After four years of unprecedented political tumult, a moment of great reckoning is just around the corner: Election Day. It is time for America to choose between Donald Trump and Joe Biden for the highest office in the land.
Partisans on both sides agree that this is the most consequential election in modern U.S. history. The results will determine for generations, and perhaps forever, the kind of country we will have. The outcome will say much about who we are as a people.
“Divided We Vote,” our two-part print cover package this week, explores what Trump and Biden voters in the Bay Area Jewish community are thinking.
In Part One, we hear from a Trump supporter who approves of the president’s “straight talk” and says “there’s a lot more Jewish support for the Trump administration and Republicans in general.” And in Part Two, a Biden supporter tells us that as a Jew she does not “feel completely safe under Trump’s administration, which encourages white supremacy groups and fuels hate.”
The two sides obviously disagree vehemently on President Trump’s record, but our reporting shows something fascinating about these voters. They share a common bond of Jewish culture, religious tradition and outlook. One cannot help but recognize a Jewish brother or sister among those on “the opposite side.”
It’s important to remember that fact, especially now.
The intense fury felt by so many Americans at this time threatens to rip the fabric of a free and fair election, if not American democracy. The prospect of voters being intimidated at the polls by an “army” of “poll watchers,” the placement of fake ballot drop-off boxes, and the reports of hours-long waits at early polling places all are adding to the anxiety already felt by many in the run-up to Nov. 3.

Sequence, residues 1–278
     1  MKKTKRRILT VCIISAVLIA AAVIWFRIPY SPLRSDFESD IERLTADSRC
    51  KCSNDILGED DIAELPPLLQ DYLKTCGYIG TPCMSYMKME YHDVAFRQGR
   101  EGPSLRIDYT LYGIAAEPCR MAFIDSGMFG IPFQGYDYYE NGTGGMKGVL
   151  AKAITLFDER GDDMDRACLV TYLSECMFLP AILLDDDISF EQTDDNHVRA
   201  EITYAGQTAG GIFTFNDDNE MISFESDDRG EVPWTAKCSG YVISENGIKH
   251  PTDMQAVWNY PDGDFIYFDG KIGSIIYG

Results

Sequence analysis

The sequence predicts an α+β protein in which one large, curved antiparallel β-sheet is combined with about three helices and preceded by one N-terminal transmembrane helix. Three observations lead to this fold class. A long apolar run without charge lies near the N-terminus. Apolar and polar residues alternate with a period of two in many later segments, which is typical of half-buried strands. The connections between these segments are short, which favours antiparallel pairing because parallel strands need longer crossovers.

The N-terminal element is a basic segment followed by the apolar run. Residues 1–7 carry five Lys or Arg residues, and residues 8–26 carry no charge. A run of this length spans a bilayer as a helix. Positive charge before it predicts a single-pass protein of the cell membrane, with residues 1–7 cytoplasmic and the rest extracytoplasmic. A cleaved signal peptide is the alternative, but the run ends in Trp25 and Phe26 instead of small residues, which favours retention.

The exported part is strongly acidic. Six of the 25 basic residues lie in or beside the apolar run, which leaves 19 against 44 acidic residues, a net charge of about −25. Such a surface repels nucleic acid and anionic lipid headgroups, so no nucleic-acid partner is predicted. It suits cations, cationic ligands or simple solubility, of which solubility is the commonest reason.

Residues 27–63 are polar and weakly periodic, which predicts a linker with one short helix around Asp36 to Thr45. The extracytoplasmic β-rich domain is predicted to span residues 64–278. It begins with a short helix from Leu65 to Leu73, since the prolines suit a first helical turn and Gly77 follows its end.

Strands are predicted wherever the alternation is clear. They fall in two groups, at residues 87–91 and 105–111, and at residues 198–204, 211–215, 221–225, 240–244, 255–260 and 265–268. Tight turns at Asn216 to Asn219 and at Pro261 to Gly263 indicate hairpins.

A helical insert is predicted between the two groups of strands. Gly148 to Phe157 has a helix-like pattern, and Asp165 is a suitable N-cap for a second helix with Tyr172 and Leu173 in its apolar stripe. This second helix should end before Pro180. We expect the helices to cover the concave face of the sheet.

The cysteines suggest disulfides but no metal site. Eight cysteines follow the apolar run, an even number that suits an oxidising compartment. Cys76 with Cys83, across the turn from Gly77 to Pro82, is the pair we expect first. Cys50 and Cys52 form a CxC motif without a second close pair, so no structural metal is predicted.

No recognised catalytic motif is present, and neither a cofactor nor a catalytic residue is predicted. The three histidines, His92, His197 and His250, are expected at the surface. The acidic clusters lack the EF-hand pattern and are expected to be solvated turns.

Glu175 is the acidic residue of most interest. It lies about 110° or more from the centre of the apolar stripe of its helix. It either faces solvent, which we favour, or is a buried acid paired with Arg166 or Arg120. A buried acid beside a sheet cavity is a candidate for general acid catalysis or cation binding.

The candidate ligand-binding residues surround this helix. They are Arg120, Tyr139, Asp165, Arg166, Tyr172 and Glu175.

It seems Americans are irreparably divided, and before the next president is sworn in, we may experience social upheaval that will make what 2020 has already dished out seem like child’s play.
But we want to offer up an alternate scenario.
What if, instead of resigning themselves to chaos, Americans of every political stripe remember that a free and fair election is the bedrock of democracy? What if both sides just for a moment recall that those “horrible” supporters of the other guy are, in fact, fellow citizens and, within our community, fellow Jews?
It’s not an act of pollyannaish ignorance to contemplate such a scenario. The only way to make America great again is by returning to a collective dedication to civic duty, civil discourse and acceptance of election outcomes fairly decided.
There is no reason to expect the two sides to surrender their principles and political views. But there is every reason to demand that all Americans acknowledge that, in a democracy, voters have the last word.
Please, vote. It is essential that you make your voice count.